Nature Deficit Disorder. While not technically an official medical or psychological condition-It's a real thing. It's the term Richard Louv has coined to describe the "alienation of children from the natural world" in his book Last Child In The Woods.
Getting outdoors is essential. I've seen the amazing healing even a 2 mile hike has on my own anxiety and ADHD. So it's its no surprise the research suggests it helps kids too. We wanted to give our local Queen City readers a list of places to go to "seek treatment" for their families and friends.
1) Reedy Creek Park & Nature Preserve: We have this listed as #1 because its the park we visit the most. Located in the University City area North of Uptown Charlotte, this park is full of history and nature. We love to bring our nephews and nieces here. First stop is the Nature Center and the adjacent playground nestled in the trees. This is by far my favorite of the playgrounds because it's all about exploration and imagination. Plus there's TONS of shade in the hot summer. Reedy Creek has several trails, including marked nature trails to learn about the biodiversity of the park.
2) McDowell Nature Preserve: This is definitely one of our favorites of the city parks. It's located in South Charlotte along Lake Wylie so there's TONS to do here. There's a fantastic Nature Center where you can take your kids to learn about the plants and animals native to the park. Then hit the trails to see what you learned about. The trails meander through the trees and along the lake where you can rent boats to explore Lake Wylie. If you really want to have an adventure with your little explorers- set up camp and spend the night! McDowell is the only park in the City Park System with a campground! This is a perfect option if its your first camping trip with your little adventurers or you want to stay close to home.
3) Latta Plantation Nature Preserve: I haven't been to this park- yet- but everyone I've talked to highly recommends it. It's located in close to Mountain Island in Huntersville so it's a great option for those who live in the Western Charlotte area. In addition to the Nature Center, both the Carolina Raptor Center and the Historic Latta Plantation are located within the preserve. And just like the other nature preserves- Latta has lots of trails for you and your little ones to explore.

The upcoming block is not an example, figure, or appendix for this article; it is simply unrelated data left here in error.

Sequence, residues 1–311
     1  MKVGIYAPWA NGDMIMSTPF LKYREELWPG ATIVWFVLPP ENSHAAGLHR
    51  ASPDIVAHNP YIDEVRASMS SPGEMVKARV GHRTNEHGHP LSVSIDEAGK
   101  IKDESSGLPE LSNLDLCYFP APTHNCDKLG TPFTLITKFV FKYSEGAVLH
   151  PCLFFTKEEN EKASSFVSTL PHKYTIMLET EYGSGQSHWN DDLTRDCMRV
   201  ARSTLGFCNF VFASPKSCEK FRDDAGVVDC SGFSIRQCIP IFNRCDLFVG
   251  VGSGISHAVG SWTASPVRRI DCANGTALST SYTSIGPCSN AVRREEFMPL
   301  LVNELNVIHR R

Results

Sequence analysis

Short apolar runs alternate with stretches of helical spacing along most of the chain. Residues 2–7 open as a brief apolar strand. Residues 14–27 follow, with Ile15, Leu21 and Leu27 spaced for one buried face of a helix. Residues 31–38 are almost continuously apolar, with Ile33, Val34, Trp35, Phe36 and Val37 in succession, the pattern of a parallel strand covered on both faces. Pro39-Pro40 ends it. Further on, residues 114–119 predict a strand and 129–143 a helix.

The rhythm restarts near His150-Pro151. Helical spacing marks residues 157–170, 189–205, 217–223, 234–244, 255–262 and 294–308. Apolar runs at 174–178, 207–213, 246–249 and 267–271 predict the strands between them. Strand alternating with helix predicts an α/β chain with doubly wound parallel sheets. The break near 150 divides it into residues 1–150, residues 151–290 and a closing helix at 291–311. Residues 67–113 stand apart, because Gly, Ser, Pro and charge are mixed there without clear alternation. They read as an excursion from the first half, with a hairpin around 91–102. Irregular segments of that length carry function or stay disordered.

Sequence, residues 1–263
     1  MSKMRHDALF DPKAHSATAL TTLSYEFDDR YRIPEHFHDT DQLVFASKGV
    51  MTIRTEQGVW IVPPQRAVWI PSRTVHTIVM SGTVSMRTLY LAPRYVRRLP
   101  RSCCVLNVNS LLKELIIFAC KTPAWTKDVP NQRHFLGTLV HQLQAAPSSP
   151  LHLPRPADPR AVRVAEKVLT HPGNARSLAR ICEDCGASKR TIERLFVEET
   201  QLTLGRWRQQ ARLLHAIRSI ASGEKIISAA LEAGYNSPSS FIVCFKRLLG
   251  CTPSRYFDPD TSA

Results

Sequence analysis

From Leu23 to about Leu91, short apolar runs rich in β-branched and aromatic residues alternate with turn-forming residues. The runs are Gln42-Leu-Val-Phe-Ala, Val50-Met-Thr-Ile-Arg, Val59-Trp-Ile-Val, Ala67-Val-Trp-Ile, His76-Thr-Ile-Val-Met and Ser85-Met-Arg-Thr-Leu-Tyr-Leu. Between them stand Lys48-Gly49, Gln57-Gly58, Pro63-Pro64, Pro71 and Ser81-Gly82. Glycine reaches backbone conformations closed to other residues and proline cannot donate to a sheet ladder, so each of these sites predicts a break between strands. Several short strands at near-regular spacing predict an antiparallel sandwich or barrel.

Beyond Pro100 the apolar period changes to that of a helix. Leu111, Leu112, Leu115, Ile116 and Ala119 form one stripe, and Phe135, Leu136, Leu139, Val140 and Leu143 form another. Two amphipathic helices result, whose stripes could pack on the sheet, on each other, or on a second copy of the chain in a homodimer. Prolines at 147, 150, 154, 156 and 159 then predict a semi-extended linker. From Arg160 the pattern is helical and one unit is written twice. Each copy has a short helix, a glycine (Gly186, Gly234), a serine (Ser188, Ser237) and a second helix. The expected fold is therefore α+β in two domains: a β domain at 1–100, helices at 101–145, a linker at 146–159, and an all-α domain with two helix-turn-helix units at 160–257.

4) Ribbonwalk Nature Preserve- One of Charlotte's newest parks, Ribbonwalk is a hidden gem off Statesville Rd only 10 minutes from uptown. There aren't as many trails here, but they are usually less crowded and quite peaceful. This is a great park for this part of town!
Nearby State Parks
5) Lake Norman State Park- This might be as good as it gets within 20 minutes of downtown Charlotte. You can camp, fish, boat, hike, bike, and so much more. We love to hike the Lake Shore Trail- it's 6 miles but there's a shortcut if your little hiker is tired.
6) Crowders Mountain State Park- This is a Queen City Favorite since it's only about 30 minutes from town off I-85. If the weather is nice on a Saturday or Sunday you have to get there early or you won't find parking. While there are many trails to choose from- there are two popular hikes that draw visitors here: King's Pinnacle and Crowder's Mountain. Both offer amazing views of Charlotte.
7) South Mountains State Park- We saved the best for last. It's definitely one of my favorites under 2 hours from Charlotte. You really drive into the middle of nowhere to get here, but this is also a park that can get crowded by lunchtime on a warm day. The main attraction is the High Shoals Waterfall and Upper Cascades. We took my nephew here last month and he LOVED hiking up to the waterfall and playing on the rocks. It's all he talked about for the next few days. There are also several backpacking sites and a car camping area nearby.